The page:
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April 23, 2004

Public Allegation of Copyright Infringement
Leads to $300K Defamation Verdict

If you think a competitor is doing something illegal, like infringing your copyright, it's usually best not to complain to customers about it. If it turns out you're wrong about the alleged illegality, you could be liable for defamation. A Web site operator named Boats.com recently learned a $300,000 lesson on that subject in a Florida federal district court.

The "student," now $300K poorer -- plus legal expenses, of course -- is a company called Boats.com. It has a Web site, Yachtworld.com, where subscribing yacht brokers can post listings of yachts for sale. The "teacher" is another company, Nautical Solutions Marketing (NSM), which started a competing Web site, Yachtbroker.com.

NSM's competing Web site apparently was an "aggregator"; it used a "spider" program called Boat Rover to harvest factual data from other yacht-brokerage Web sites, including the Yachtworld Web site of Boats.com. NSM employees also copied and pasted other data from the Yachtworld Web site.

Boats.com didn't especially like having data copied from its Web site to a competing site. According to a report published by the Bureau of National Affairs in one of its printed weeklies (not available on-line), Boats.com sent out letters to yacht brokers and others, claiming that NSM's data-harvesting was illegal.

In response, NSM filed a lawsuit accusing Boats.com of defamation and asking the court to declare that its data-harvesting activities were legal. In November 2003, the jury awarded NSM $250,000 in damages for defamation, plus $50,000 in punitive damages. And then earlier this month, the judge issued findings of fact and conclusions of law that pretty much gave NSM the declaration it had asked for.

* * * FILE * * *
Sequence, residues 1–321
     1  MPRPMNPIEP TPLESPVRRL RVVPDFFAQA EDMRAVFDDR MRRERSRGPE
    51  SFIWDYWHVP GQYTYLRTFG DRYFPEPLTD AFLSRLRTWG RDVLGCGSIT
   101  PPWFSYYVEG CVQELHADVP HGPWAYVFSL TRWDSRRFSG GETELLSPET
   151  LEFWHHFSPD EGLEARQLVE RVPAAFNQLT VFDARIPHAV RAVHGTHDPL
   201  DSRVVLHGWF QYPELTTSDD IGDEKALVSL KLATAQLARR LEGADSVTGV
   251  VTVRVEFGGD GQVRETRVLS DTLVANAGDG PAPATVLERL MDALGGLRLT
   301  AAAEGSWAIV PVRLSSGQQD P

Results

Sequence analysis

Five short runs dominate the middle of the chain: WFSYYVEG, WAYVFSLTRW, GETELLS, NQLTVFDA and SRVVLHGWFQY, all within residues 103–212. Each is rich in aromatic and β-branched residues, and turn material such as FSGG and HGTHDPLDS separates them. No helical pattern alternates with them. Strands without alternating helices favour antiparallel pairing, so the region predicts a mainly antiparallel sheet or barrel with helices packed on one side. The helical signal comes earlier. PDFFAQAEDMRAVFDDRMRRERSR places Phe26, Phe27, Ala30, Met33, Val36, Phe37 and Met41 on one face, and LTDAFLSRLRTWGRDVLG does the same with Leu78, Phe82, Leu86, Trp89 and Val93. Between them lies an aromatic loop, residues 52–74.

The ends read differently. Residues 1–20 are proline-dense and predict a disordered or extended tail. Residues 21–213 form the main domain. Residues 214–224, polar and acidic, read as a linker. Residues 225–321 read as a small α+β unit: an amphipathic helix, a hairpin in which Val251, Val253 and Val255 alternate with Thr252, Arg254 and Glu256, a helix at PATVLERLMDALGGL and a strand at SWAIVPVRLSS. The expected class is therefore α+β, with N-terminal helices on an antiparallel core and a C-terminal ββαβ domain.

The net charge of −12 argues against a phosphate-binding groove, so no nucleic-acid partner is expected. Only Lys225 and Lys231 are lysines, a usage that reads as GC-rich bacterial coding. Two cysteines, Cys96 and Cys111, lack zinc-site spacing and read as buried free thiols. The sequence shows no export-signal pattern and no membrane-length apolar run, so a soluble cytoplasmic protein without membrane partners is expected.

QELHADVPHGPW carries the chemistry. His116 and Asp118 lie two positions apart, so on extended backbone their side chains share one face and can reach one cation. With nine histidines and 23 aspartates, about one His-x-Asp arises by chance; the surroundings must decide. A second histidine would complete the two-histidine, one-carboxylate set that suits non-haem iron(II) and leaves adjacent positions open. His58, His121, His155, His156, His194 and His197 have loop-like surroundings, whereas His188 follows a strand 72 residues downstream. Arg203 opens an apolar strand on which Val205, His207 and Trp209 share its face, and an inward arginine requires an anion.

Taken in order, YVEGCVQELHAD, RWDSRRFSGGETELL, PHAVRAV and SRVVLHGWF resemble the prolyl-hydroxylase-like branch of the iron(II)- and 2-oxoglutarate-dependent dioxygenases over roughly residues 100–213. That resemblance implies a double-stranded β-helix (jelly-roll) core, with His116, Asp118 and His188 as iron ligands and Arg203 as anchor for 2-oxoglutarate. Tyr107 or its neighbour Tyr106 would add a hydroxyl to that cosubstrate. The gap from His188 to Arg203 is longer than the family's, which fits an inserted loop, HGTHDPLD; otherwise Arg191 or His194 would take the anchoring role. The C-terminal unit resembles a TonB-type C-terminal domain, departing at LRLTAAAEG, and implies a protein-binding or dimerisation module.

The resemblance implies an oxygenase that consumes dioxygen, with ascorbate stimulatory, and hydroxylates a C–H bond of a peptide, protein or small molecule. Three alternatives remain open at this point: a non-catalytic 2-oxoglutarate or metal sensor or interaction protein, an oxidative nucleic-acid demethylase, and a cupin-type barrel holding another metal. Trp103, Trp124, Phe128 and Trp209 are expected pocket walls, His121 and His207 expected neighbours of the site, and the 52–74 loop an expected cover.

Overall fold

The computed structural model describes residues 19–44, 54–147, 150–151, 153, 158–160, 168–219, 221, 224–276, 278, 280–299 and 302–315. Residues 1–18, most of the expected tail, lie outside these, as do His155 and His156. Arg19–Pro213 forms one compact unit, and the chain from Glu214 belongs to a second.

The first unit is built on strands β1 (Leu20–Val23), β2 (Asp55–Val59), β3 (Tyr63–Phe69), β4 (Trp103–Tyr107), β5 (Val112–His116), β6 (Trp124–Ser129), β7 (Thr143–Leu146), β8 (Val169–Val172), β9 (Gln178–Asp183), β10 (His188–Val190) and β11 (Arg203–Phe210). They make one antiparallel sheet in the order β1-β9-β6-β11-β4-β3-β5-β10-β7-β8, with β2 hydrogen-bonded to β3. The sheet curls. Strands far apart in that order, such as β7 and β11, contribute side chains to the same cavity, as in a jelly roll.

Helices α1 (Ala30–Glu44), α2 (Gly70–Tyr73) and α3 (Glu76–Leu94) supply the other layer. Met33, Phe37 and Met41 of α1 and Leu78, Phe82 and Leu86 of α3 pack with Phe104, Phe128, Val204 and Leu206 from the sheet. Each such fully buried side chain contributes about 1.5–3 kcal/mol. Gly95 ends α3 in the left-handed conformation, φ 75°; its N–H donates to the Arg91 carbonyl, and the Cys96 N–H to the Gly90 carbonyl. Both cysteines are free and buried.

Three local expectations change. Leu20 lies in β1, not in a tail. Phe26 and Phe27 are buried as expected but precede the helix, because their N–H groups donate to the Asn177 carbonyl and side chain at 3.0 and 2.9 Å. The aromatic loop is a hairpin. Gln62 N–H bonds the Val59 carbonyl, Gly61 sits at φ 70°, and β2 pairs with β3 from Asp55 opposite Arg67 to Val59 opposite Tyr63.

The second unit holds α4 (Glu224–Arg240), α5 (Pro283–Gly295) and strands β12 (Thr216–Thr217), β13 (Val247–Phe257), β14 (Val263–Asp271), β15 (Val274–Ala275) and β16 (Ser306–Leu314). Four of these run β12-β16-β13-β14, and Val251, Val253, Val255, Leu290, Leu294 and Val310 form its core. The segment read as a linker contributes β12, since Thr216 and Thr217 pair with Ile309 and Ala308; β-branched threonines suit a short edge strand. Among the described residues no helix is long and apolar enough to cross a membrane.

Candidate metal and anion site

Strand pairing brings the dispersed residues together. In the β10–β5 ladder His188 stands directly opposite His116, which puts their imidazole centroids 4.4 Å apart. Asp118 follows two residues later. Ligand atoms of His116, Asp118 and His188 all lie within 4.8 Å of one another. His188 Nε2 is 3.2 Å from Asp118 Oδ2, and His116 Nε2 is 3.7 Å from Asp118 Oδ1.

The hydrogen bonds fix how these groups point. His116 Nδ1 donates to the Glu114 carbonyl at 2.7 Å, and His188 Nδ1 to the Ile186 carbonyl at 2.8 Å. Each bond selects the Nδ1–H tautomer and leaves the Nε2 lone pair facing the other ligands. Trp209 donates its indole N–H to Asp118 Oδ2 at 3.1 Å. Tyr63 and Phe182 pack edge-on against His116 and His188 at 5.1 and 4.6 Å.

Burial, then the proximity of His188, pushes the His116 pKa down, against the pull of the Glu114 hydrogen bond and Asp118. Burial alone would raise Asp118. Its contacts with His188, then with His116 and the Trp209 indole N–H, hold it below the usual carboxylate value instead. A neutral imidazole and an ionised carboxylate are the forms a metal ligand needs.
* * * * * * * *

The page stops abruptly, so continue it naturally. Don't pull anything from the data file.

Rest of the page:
References: The Associated Press story was carried in USAToday. The district court's findings of fact and conclusions of law on the copyright issue are here.

April 23, 2004 in Intellectual Property, Litigation, Marketing, Sales | Permalink

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Leads to $300K Defamation Verdict
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Comments

This is a different sort of Defamation case:

I left Ohio's biggest and lowest-paying Law Firm (the Attorney General's Office) and did then proceed down a most interesting path. You can watch a short (and later, a much longer) movie about it, in fact:

http://www.christopherkingesq.com/index.html

http://www.christopherkingesq.com/html/release_mov1.html

My name is Christopher King. I know ignorance, bigotry, racism, sexism and just plain corporate and judicial hatred all too well.

My experiences in Columbus, Ohio as a Civil Rights lawyer and as a contracts manager working for Boston’s American Tower Corporation – a company fined $300,000.00 by the Department of Labor for overtime violations at my behest – are chronicled in a 15-minute movie on my website, soon to be developed in Hollywood.

Now American Tower has just bought SpectraSite for $3.1B to consolidate their communications power over Americans. After you watch the video, you will be very wary of that encroachment.

-Christopher King, Esq.

Posted by: Christopher King at Jun 6, 2005 11:17:30 AM

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